When I woke up today, I found myself reflecting on the works of Niq Mhlongo, one of the most high-spirited and irreverent new voices of South Africa’s post-apartheid literary scene.
I decided to reread Mhlongo’s short story collection “Soweto, Under the Apricot Tree”.
In this collection, the author describes his hometown as a place that always seems to hold surprises for both the characters and the reader.
When I reached page 10 of the book, a thought crossed my mind that I should visit Soweto, South Africa’s biggest township. It is so big, it’s practically a city in its own right.
Egged on by possibilities mentioned in the story, I decided to drive to Maponya Mall to see what, if any, surprises I could experience.
When I arrived this morning, the parking lot at the mall was buzzing with people – you wouldn’t know it was the last day of the national COVID-19 lockdown level 3. From Monday midnight booze and cigarettes will be on sale.
An easy-going young man greeted me saying “Kawa (my friend), do you know from tomorrow it’s New Year’s Day in Mzansi”.
He said his name was Maiza.
“So How so, Maiza?” I asked.
“Ah you know the generation of Mandela are slow thinkers,” he quipped.
“President Cyril Ramaphosa has opened up alcohol. For us, car guards asking for cold drink money and protecting your cars is gonna be New Years’ Day … drunkards will be giving us money in their drunken stupor”.
Not knowing what to think, I gave him R30 to guard my car.
Apart from the people moving around, I didn’t see any surprises. Without leaving my car I decided to do an MTN LTE speed test.
Maiza would later prove to be my first surprise – someone with no interest in the MTN LTE speed.
With a population of over 2 million, the township is the biggest black urban settlement in Africa with a rich political history. There must be many people using their cellphones to stream, surf the net or download stuff.
The houses in Soweto range from extravagant mansions to makeshift shacks. Soweto is a city of rich and poor as well as enterprise and cultural interaction.
In the car, I had my iPhone 8, old iPhone 5S, and my son’s Samsung Galaxy S8.
I quickly set up the Ookla App on all the phones.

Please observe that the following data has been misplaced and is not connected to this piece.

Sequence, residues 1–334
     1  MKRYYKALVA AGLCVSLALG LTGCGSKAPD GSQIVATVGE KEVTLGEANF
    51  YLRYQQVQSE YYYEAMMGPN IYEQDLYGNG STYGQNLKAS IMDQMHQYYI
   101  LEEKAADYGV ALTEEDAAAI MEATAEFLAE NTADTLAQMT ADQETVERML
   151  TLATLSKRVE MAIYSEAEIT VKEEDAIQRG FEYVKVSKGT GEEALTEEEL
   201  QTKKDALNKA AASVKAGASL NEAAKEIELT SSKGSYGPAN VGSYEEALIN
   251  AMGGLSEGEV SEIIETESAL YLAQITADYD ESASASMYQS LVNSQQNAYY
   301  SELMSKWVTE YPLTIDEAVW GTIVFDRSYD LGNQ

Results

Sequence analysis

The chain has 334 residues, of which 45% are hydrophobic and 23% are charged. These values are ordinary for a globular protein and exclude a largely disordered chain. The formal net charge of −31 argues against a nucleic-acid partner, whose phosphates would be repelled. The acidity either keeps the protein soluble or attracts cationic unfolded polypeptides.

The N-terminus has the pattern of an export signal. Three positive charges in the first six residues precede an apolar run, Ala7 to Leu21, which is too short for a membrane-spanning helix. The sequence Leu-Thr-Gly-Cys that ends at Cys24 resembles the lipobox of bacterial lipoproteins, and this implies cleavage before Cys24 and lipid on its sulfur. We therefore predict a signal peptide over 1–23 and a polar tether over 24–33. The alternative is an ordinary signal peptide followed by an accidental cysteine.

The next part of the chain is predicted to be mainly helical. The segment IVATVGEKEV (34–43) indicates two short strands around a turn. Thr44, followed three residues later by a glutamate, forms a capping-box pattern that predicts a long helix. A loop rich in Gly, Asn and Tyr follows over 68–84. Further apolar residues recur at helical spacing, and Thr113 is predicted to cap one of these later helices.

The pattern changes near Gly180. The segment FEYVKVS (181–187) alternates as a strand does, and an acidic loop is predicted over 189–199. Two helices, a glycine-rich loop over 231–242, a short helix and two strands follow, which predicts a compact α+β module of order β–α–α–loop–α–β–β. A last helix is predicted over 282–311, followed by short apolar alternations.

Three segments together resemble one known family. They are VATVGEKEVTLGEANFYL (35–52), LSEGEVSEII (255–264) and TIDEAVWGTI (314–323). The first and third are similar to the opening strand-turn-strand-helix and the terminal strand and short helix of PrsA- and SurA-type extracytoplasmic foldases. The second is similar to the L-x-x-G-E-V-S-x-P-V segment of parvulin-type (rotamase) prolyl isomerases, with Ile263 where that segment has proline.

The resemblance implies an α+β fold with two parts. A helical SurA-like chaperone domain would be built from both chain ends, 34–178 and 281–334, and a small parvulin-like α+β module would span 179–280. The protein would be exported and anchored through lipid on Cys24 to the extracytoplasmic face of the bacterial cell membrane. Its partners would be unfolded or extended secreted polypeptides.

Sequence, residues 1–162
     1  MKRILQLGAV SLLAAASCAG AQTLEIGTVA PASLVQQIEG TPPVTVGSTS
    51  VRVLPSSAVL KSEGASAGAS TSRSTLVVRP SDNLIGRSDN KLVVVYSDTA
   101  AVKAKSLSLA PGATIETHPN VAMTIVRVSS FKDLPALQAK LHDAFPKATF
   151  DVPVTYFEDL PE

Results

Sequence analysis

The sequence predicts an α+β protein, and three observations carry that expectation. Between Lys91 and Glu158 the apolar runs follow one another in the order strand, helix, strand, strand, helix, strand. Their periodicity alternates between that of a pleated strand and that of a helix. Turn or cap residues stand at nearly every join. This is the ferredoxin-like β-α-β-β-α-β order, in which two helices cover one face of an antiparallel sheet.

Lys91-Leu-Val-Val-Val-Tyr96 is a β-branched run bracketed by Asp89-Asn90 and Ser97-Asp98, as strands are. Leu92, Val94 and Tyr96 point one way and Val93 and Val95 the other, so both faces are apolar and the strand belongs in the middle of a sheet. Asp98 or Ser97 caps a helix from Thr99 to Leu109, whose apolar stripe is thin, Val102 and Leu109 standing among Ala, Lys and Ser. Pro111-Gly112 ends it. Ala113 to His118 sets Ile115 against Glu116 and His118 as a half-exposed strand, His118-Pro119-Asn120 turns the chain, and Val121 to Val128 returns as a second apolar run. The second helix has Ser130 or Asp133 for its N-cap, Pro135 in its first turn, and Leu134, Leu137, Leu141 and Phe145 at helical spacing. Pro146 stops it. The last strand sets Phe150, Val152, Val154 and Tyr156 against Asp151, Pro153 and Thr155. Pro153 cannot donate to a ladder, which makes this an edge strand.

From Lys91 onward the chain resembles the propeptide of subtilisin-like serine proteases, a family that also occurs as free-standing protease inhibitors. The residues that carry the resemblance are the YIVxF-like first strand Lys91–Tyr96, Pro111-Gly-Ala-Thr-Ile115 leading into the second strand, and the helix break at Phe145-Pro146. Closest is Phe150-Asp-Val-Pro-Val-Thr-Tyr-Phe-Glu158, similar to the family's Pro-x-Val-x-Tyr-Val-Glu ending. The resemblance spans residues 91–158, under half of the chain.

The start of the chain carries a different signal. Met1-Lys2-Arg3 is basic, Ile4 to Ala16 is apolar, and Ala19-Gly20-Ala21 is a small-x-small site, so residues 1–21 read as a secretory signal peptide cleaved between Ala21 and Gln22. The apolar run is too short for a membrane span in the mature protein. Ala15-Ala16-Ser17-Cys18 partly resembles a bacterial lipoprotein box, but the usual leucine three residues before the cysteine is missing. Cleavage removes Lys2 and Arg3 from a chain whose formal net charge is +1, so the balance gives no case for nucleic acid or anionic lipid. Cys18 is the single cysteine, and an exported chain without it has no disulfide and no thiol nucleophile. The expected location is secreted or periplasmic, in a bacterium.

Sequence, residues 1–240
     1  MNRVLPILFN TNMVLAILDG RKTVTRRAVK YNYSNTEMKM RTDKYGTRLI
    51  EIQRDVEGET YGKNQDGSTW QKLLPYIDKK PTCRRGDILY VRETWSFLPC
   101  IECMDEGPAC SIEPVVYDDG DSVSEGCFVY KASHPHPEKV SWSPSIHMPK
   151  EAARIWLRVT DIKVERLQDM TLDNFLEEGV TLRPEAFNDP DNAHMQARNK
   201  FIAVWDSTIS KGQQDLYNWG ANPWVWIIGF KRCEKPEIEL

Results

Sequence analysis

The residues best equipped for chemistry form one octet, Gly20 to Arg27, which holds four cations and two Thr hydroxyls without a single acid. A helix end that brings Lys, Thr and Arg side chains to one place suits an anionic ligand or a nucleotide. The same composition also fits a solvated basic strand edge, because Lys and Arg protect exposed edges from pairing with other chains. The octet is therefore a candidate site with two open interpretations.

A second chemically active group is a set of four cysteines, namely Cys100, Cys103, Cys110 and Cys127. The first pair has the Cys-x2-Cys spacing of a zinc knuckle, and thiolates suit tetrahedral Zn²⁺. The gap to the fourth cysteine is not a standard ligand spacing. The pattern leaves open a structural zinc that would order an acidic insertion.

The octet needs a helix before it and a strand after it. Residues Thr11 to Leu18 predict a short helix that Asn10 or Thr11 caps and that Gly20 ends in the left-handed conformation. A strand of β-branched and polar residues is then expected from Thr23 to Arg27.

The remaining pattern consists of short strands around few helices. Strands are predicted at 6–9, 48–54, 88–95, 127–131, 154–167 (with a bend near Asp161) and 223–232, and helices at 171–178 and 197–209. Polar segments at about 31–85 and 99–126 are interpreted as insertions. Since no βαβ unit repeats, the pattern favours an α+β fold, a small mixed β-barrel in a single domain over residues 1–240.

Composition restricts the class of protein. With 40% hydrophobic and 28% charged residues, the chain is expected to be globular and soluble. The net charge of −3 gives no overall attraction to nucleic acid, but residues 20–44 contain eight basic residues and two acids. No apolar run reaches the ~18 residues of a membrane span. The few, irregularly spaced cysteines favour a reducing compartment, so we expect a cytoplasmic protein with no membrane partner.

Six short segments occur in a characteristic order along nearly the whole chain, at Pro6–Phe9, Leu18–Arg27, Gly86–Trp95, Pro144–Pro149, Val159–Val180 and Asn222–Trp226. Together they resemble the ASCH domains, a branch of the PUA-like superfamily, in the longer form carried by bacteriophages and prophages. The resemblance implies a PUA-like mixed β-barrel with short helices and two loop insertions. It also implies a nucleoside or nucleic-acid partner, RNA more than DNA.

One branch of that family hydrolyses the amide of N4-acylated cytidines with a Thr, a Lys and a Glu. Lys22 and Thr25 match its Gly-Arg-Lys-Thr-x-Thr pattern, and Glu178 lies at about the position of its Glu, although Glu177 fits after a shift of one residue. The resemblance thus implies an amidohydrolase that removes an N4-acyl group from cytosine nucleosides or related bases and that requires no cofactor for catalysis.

I started with the iPhone 8 and the results were surprisingly awesome. MTN provides a Bozza network for its shoppers at Maponya Mall.
I could see Maiza was staring at me curiously because I remained seated in my car after I had tipped him handsomely.
I tried to interest him in the impressive MTN LTE speed result on my iPhone.
Maiza was not impressed. He mouthed off a few expletives before walking away.
The download speed recorded by Ooka stood at an amazing 70.3Mbps. The upload speed was 34.3Mbps.
I didn’t believe my eyes, I did the test again and got a further surprise as the download speed increased to 97.9Mbps and upload speed was at 52.8Mbps.
I then took off to Bara Taxi Rank to see what download and upload speed commuters are getting from MTN’s LTE.
I was using the iPhone 5S to conduct the speed test and got a download speed of 20.4Mbps.
Thereafter, I drove to Orlando West at Vilakazi Street, where Nelson Mandela spent the first couple of nights upon his release after 27 years of imprisonment, with his then-wife, Winnie Mandela.
Number 8115 Orlando West was the same house that Mandela in lived between 1946 and 1962.
I used the Samsung Galaxy S8 to conduct the speed test and got 19.9Mbps download speed and 15.4Mbps upload speed.
Using my iPhone 8, I opened Spotify and happily streamed Gigi LaMayne’s song “Bozza ft Kwesta”.
I decided to sing along and as always singing off-key: “Bozza la ma Bozza Yeah …”